I would like to thank both my group for their endless support and patience with me. Claire, Kerry, Ilaria, and Marina, and an endless supply of thank you’s to Anita Alexander for the makeup and hair. Anita has her own range of makeup, Reina that I swear by as some of the best makeup a girl can wear.

‘Less is more ‘ video about promoting sustainable fashion, trying to open up our eyes.

GEISHA – ilaria

February 2009: Oxfam takes sustainable fashion to new heights with its Spring Summer launch of SUSTAIN ME, a campaign set to shatter the boundaries of reworking your wardrobe.

World-renowned fashion photographer Rankin collaborated with some of the biggest talents in the entertainment industry ranging from fashion, music and film to create a series of fashion-forward imagery.

Leading stylist Katie Shillingford restyled clothing handpicked from Oxfam’s recycling plant Wastesaver to produce a series of distinct looks proving that sustainable clothing can be both stylish and trend led.

Geisha – ilaria

In a society where fast fashion dictates to consumers, it’s time to take a step back to basics. There is a new threat to the way we live our lives and fashion needs to pay attention. Instead of buying more and often, look at how you can work and re-work what you’ve already got. A piece of cloth can be transformed in many different ways with a bit of inspiration and creativity

Day of the shoot

Stop motion was a new concept for all of us and was definitely something that improves with practise and trial and error. It was a long and frustrating day but we couldn’t lose sight of the message that we were aiming to project with this film. The basic notion (as visually depicted within the storyboard) was to emphasise how consumerism within fashion has created a “fast fashion” culture where clothes are discarded well before their physical life-span has ended. This in turn creates waste product, filling up our landfills for the sake of keeping on trend. We then aimed to show the flip side to this issue by showing how one piece of fabric can be adapted to create multiple outfits therefore cutting waste. We were all surprised at how versatile a simple piece of fabric can be and how fashionable and practical clothing can be created without the need to buy multiple purchases. This is a tough subject for the fashion world as it goes against the basic purpose of fashion and clothing, which is a massive business created to sell and make money. If consumers don’t buy as many garments, there is less demand which mean less ££££ for the industry.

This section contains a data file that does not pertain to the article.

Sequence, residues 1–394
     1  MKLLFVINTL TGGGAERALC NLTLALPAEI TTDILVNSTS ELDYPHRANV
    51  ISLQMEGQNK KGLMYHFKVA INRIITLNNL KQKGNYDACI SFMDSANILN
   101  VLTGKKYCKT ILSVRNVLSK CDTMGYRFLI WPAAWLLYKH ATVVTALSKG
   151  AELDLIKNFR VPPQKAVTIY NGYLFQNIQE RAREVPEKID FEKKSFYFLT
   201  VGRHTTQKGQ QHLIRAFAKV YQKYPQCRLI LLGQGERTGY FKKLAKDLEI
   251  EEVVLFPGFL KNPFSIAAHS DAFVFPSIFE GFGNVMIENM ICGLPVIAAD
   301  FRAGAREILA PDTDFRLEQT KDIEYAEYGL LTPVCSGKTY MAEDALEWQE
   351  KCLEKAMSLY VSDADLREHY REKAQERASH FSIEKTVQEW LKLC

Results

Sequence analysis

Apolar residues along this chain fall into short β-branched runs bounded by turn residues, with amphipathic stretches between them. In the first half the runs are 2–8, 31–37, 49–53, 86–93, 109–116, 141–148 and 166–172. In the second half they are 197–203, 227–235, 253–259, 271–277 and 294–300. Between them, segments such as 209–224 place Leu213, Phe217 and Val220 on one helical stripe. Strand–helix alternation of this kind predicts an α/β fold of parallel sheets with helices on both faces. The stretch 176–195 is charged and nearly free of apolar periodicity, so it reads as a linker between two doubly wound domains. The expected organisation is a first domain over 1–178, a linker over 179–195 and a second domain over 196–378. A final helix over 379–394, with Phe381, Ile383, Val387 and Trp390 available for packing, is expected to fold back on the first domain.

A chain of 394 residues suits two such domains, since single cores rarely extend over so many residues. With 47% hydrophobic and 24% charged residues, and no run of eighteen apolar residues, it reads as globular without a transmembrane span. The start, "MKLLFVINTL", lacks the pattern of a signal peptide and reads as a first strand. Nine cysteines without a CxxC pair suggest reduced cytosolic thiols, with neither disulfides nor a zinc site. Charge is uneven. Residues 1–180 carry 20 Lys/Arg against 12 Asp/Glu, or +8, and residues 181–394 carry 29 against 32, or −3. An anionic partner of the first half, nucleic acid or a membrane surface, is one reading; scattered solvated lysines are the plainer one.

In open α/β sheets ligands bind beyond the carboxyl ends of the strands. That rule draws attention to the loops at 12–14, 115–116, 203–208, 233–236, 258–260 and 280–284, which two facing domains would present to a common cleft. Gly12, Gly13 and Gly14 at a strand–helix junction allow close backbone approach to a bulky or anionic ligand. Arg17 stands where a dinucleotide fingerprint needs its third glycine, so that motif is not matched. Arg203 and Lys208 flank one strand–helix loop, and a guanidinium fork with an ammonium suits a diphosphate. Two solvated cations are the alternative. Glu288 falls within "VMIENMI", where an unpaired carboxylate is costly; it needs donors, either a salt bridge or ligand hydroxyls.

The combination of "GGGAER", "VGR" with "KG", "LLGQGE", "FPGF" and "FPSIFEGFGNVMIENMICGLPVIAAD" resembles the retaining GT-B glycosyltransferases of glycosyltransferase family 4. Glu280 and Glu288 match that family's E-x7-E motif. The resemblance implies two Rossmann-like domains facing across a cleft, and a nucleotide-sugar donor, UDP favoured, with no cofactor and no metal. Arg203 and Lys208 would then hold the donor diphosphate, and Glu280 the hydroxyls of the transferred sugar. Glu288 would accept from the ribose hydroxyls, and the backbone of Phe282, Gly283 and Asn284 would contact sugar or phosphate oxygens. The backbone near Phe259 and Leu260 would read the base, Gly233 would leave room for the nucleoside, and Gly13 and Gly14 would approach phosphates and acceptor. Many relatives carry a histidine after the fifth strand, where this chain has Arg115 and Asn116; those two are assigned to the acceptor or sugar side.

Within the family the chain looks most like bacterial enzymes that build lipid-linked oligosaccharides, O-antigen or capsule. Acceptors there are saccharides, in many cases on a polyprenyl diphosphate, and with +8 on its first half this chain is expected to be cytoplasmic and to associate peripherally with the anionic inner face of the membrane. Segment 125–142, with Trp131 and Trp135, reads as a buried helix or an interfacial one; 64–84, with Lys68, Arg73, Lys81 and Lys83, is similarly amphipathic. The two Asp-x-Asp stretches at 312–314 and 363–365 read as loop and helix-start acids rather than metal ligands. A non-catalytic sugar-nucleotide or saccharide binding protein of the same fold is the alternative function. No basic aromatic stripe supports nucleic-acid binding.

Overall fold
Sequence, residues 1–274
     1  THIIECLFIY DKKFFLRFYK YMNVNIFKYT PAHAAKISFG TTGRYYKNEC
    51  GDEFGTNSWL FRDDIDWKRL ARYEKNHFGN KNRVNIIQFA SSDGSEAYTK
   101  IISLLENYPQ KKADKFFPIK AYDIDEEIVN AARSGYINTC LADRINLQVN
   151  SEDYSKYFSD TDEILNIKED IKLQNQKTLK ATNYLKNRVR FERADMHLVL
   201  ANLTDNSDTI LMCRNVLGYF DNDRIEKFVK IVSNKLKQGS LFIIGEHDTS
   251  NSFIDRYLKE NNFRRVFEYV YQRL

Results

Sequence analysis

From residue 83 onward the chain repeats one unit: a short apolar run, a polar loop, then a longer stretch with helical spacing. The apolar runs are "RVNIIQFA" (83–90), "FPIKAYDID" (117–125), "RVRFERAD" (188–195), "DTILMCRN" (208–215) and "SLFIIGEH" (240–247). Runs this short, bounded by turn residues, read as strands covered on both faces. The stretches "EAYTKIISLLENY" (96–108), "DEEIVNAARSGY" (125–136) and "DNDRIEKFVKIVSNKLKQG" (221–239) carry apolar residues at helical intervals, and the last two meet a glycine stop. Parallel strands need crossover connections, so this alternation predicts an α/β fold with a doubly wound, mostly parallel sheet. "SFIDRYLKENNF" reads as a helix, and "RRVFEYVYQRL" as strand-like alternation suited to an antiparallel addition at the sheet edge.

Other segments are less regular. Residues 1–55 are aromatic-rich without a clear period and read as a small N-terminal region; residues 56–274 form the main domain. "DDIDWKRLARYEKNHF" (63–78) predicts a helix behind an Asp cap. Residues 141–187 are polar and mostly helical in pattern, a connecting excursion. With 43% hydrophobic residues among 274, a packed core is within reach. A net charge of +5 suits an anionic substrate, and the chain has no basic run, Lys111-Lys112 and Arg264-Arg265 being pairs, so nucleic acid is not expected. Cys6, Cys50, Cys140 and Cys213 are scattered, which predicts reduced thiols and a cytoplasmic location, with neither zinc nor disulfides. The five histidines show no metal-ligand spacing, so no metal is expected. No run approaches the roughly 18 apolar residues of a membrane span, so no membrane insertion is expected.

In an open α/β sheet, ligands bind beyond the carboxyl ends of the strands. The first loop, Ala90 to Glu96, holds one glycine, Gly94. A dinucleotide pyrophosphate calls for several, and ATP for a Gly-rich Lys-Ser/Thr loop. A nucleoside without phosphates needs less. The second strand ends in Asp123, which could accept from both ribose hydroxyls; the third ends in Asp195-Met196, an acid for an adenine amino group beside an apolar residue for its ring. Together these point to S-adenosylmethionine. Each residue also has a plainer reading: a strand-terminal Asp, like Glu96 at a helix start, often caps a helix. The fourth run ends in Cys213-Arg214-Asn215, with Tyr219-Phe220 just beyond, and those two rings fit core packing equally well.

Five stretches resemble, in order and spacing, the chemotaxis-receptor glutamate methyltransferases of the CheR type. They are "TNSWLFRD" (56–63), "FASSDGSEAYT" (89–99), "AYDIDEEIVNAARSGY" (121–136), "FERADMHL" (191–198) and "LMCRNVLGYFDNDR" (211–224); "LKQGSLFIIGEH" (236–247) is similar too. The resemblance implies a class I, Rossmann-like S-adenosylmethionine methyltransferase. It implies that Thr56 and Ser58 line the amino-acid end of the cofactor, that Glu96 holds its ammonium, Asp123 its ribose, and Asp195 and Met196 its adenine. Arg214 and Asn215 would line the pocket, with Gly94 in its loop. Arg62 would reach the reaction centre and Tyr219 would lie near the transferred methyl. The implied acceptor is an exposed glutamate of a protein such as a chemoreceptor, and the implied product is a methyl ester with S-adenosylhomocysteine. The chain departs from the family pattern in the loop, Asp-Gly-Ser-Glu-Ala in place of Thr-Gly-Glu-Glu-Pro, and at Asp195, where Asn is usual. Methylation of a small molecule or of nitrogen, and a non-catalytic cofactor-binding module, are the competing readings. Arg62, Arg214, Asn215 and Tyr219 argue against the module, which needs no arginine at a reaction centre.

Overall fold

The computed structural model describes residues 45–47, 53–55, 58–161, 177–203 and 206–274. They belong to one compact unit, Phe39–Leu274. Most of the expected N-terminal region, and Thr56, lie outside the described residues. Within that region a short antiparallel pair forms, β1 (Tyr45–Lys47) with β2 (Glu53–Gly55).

For our final “film” we, as a group, decided to use the technique of ‘stop motion’ animation. Commonly used in animations such as “Wallace and Gromit” (although obviously on a MUCH more sophisticated level), this technique takes a longer amount of time to produce that a regular film but the results can be really effective even at an amateur level. We experimented with short clips of stop motion to get an idea for our final take, and just using a basic MovieMaker program I have added certain effects to make the films look more commercial. These images were taken on a standard digital camera (WITHOUT using a tri-pod which is the KEY tool for any successful stop motion film! Note to self!)

1. Global Warming
Global warming will lead to severe climate change. Unless stopped, it will upset the basic control mechanisms of planet earth.